Williams' post-Otherland work has proven less popular. The War of the Flowers, published in 2003, was a solid single-volume fantasy tale but a bit of a come-down after the epic SF series. More problematic has been his new work, the Shadowmarch Trilogy. Williams had been suggesting that his next project post-Flowers would be a return to Osten Ard for a series of short stories (presumably following the success of The Burning Man, a novella published in the 1998 collection Legends), but instead he chose to write a new fantasy book that would be released in stages online. The experiment was interesting, but whilst writing the book Williams was inspired to turn it into a full trilogy. Due to the break from his normal writing scheme, this meant writing the outline for the series between Books 1 and 2 rather than before the first one, and the result was a trilogy which simply didn't feel as polished as his former multi-book series. In particular, Shadowplay, the second book, garnered some of the worst reviews Williams has received in his career. The final volume, Shadowrise, is due in about a year's time. He is now embarking on a five-volume children's book series, Ordinary Farm, which he is writing with his wife, Deborah Beale, whilst his next adult project will be a series of 'noir' fantasy thrillers.
Looking at Williams' body of work, the conclusion one reaches is that he is an author with a variety of interests in different genres who has been sucked into the world of the giant fat fantasy epic. It's hard to ignore the impact the two big series have had or that they are both immensely popular, but at the same time Tailchaser's Song, Child of an Ancient City, Caliban's Hour and his often excellent short fiction (The Lamentably Comical Tragedy of Lixal Laqavee is one of the highlights of Songs of the Dying Earth) suggests an author who in his heart of hearts is perhaps more Neil Gaiman than Robert Jordan, and his concentration on huge series has perhaps deprived us of many interesting short stories, comics and single novels that he could have written in the meantime. Yet Otherland is a singularly impressive work and Memory, Sorrow and Thorn, if it failed at the final hurdle, is a nevertheless valiant attempt to analyse the problems within commercial epic fantasy, even if it ironically fell prey to many of them in the process. Still, with the huge epics apparently out of the way, for now, I look forward to Williams' future work with renewed interest.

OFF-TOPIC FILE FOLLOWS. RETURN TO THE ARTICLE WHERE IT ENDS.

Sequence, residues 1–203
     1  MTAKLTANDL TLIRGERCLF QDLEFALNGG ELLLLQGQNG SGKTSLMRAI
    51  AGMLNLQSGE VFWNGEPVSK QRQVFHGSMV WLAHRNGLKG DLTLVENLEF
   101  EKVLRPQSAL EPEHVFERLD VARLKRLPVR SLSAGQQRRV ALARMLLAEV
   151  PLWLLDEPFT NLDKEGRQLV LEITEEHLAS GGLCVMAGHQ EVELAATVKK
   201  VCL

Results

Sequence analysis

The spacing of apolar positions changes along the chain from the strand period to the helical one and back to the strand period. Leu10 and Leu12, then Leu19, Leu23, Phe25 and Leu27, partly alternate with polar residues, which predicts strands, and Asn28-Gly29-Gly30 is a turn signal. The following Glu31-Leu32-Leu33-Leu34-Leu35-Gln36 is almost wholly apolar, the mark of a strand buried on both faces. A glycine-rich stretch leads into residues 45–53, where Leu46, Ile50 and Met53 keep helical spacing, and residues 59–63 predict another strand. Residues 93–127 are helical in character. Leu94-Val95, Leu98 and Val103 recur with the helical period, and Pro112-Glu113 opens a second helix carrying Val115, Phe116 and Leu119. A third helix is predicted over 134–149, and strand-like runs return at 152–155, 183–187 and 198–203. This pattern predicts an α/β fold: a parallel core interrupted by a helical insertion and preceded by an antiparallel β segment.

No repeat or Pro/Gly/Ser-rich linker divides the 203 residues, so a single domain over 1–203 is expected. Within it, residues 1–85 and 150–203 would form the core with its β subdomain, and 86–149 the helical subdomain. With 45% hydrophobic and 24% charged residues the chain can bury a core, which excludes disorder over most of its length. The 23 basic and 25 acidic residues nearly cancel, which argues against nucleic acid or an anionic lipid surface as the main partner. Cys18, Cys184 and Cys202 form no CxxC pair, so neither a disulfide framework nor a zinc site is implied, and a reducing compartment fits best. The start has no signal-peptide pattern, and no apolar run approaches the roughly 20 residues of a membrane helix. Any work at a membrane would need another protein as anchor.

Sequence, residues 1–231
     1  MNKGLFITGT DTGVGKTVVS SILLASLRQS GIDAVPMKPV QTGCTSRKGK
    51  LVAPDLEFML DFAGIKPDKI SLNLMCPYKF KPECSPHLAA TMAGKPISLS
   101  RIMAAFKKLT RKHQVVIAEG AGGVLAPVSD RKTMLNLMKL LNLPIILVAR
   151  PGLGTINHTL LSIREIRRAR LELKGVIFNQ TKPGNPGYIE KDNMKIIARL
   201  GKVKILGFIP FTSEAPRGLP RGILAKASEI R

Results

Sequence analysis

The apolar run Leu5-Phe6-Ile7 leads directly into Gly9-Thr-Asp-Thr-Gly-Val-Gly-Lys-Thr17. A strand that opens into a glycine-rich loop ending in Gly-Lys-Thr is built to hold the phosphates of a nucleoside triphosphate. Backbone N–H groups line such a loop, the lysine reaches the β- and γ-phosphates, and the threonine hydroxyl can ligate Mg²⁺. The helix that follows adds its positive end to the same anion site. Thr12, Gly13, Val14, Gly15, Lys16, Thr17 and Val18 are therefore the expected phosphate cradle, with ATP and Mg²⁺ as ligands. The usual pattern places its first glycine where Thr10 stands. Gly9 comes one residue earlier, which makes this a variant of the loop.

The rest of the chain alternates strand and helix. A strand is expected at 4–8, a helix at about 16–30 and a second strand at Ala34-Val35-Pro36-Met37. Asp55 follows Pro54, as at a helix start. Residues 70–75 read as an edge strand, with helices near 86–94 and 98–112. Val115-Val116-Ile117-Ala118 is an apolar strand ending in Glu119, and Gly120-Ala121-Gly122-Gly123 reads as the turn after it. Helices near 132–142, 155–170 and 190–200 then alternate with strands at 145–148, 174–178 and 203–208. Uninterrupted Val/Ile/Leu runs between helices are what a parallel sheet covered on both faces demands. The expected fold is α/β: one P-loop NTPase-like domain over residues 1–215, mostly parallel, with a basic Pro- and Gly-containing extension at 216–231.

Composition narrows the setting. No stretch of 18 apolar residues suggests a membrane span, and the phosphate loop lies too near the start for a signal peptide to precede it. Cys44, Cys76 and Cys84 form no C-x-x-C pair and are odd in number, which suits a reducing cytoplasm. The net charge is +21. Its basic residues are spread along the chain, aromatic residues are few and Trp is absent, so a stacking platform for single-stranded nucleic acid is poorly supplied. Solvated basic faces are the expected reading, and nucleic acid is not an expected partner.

Tailchaser's Song (1985)
Child of an Ancient City (1992, with Nina Kiriki Hoffman)
Caliban's Hour (1994)
The War of the Flowers (2003)
Rite: Short Work (2006, collection)
Memory, Sorrow and Thorn
The Dragonbone Chair (1988)
Stone of Farewell (1990)
To Green Angel Tower (1993)
City of Golden Shadow (1996)
River of Blue Fire (1998)
Mountain of Black Glass (1999)
Sea of Silver Light (2001)
Shadowrise (forthcoming in 2010)
Ordinary Farm The Dragons of Ordinary Farm (2009, with Deborah Beale)
A Witch at Ordinary Farm (forthcoming in 2010, with Deborah Beale)
The Bobby D Mysteries
Sleeping Late of Judgement Day (forthcoming)
The Bobby Dollar Books (forthcoming)
My So-Called Afterlife (forthcoming)